Last year the strawberry season was almost a complete washout. With a late spring frost followed by mold-inducing June floods, the harvest was less than a quarter of what it could have been.

This year's harvest is late but bountiful. We went to Finke's Berry Farm late last week, about forty minutes south of Duluth and just off I-35, and picked four gallons of lush, ripe strawberries. One hot night in the kitchen later, we have a stockpile of delicious natural strawberry jam ready for a year full of PB&J's.

This was a few days ago, more like 14 picking days remain now.
For more information on picking at Finke's, "Like" them on Facebook. That way you'll get the latest updates on picking times. Oh, and those in the know call them "Fink's", not "Fink-ee's"

The other local strawberry pick-your-own farm is in Oulu, Wisconsin. Johnsons Berry Patch saved my summer and our kids' lunches last year after other local strawberry farms got washed out. Johnson's has been growing strawberries since 1951 and are not quite as modern as Finke's. So no Facebook page. All I could find online is this description. It is a lovely drive out past Brule and along a charming backroad.

Monday, July 8, 2013

Hike to Two Harbors: Leg 1, Home to Hartley

Okay, there are a few things you should know about me:
  • I really like the idea of Duluth's urban wilderness, of wolves and moose walking our streets and wild places, of vast open forests just beyond city limits. That's what inspired me to move here back in the 1980s, and has kept me here.
  • I like to set modest, attainable goals for myself. I dream way too big, but easily focus on the small.
 Also, you might want to know that as of June 1, 2013, the Superior Hiking Trail runs continuously from Duluth to Two Harbors. Well, actually it runs all the way to Canada, but the big news of this summer is that with two new sections basically the entire trail is complete.

A lot of folks take off every year to thru-hike the Superior Hiking Trail. Even more folks try to thru-hike far longer trails, like the Appalachian Trail or the Pacific Crest Trail. My modest and attainable goal for this summer is to hike all the way from Duluth to Two Harbors on the Superior Hiking Trail, as my little way to celebrate the long-awaited completion of the Trail.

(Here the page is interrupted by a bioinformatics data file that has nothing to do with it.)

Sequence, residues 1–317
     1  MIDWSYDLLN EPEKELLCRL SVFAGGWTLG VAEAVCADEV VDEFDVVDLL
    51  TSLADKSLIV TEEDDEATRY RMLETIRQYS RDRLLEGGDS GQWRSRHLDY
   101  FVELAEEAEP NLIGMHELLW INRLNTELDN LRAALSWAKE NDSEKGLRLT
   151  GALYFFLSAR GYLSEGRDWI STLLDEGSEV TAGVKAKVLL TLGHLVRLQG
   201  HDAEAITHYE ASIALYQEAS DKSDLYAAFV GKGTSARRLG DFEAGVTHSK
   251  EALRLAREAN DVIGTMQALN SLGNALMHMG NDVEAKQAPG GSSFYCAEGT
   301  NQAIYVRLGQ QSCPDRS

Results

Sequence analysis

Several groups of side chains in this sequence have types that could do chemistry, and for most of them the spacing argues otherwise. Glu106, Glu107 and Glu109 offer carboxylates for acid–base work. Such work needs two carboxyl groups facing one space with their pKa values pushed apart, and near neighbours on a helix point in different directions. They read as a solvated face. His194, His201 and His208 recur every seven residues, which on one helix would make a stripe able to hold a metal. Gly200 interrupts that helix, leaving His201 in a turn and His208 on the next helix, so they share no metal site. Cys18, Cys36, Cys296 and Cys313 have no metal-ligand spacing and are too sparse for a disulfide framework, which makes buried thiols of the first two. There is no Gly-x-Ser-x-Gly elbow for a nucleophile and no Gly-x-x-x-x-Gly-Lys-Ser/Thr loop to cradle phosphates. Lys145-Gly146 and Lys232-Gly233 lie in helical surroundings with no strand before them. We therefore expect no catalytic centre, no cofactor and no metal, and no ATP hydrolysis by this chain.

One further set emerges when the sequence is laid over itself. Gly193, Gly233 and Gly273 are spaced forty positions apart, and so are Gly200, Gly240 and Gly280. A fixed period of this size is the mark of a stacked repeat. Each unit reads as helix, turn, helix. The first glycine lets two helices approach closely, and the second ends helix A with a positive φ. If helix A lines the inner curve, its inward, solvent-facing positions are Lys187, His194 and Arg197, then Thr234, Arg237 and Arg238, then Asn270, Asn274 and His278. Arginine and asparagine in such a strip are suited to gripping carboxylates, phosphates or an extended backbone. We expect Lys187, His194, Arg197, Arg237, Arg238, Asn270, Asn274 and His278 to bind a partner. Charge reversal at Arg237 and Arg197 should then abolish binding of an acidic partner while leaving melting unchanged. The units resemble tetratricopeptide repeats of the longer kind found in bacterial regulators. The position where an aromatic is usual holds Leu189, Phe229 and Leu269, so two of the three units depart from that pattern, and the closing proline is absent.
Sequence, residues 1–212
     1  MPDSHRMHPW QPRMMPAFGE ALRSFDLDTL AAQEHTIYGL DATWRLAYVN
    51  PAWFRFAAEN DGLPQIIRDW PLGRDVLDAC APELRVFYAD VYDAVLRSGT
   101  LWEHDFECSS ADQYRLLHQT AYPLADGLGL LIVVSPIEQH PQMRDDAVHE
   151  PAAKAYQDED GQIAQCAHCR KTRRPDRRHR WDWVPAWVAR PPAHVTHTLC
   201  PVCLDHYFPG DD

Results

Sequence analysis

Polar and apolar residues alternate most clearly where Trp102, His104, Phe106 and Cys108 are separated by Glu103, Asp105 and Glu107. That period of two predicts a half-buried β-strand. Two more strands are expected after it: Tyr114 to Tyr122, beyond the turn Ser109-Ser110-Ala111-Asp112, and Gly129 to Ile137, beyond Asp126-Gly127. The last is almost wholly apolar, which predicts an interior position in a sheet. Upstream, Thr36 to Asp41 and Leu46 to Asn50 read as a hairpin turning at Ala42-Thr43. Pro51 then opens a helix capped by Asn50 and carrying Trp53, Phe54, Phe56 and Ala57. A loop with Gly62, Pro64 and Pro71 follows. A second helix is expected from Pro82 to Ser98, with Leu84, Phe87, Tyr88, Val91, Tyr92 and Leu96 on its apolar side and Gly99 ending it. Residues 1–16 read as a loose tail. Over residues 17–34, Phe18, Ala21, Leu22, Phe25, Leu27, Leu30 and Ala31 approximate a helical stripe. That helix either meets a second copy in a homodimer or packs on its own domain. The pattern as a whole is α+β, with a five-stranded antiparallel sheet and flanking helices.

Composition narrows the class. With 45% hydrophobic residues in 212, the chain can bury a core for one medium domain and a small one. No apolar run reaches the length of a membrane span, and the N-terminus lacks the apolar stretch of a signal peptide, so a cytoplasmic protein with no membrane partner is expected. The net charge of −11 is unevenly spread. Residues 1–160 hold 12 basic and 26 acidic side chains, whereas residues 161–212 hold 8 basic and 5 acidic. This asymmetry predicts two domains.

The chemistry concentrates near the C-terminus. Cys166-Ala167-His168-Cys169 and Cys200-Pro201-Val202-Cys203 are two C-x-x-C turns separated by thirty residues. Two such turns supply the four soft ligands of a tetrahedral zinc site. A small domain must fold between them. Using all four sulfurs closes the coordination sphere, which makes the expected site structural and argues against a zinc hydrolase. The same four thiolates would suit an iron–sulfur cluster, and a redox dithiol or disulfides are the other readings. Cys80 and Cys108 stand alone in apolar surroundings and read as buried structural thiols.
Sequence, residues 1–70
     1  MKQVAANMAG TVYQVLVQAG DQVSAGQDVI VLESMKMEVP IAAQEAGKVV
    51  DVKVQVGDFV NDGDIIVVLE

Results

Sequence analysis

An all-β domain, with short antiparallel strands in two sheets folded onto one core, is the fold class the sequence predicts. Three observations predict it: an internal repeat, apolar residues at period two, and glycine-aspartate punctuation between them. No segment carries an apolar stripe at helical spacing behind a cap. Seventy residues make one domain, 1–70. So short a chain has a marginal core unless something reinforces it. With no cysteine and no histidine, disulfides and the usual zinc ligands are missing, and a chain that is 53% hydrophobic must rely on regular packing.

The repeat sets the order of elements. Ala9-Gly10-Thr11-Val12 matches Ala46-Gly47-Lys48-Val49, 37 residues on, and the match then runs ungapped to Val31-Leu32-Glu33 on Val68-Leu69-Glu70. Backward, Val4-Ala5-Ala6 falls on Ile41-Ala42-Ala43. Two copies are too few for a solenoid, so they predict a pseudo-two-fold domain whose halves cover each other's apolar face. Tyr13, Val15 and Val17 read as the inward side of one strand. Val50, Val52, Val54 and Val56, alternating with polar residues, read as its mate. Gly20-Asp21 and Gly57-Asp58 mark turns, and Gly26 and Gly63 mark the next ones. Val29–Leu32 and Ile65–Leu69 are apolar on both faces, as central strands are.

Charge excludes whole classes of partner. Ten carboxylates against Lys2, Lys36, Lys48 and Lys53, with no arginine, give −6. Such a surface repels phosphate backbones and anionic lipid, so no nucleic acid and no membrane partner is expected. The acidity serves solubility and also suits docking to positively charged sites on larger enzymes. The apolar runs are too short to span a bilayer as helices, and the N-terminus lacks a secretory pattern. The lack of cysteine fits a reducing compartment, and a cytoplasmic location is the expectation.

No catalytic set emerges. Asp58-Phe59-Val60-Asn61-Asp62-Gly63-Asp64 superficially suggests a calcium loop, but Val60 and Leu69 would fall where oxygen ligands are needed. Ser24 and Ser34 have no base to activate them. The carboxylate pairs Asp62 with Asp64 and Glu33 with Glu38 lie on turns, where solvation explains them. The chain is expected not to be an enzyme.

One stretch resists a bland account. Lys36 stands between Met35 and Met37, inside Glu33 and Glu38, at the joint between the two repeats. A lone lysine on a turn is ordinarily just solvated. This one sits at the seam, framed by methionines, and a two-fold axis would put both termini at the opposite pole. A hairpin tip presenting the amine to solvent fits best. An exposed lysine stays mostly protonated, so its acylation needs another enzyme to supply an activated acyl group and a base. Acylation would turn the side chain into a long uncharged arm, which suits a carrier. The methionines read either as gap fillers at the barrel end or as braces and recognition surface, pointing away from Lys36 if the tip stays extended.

I started this weekend with my first leg, 6.5 miles from my house in Duluth to Hartley Nature Center. The first mile or so of my journey was along the Downtown Lakewalk. No, that is not me in the picture below. Yes I was hiking alone, but I was in a much better mood than this guy.

While this is the Superior Hiking Trail, it is not anything like the rest of the Superior Hiking Trail. The only similarity was the signage along the way. Here's the sign pointing the route of the "Trail" up Duluth's 14th Avenue East:

The trail starts to get wooded and rugged (like the rest of the Superior Hiking Trail) when it crosses Fourth Street and enters Chester Park. While I could have stopped in at Burrito Union for sustenance, I plugged on. For almost a mile, the trail climbs up the west side of the creek, under towering white pines, past dramatic little waterfalls, and away from city noises.

Climbing out of the Chester Creek valley, there's another half-mile or so on city sidewalks before the Superior Hiking Trail enters UMD's Bagley Nature Area. There I enjoyed the sturdy metal deck on top of the old downhill ski run. I could see all the way back to Park Point, where my hike had begun an hour and a half earlier.

The most natural and remote part of the hike was through Hartley Nature Center. Not coincidentally, this was the first stretch of trail I'd been on that day that had been built specifically to be the Superior Hiking Trail. Everything else had been existing trails that had been connected simply by putting up the signs.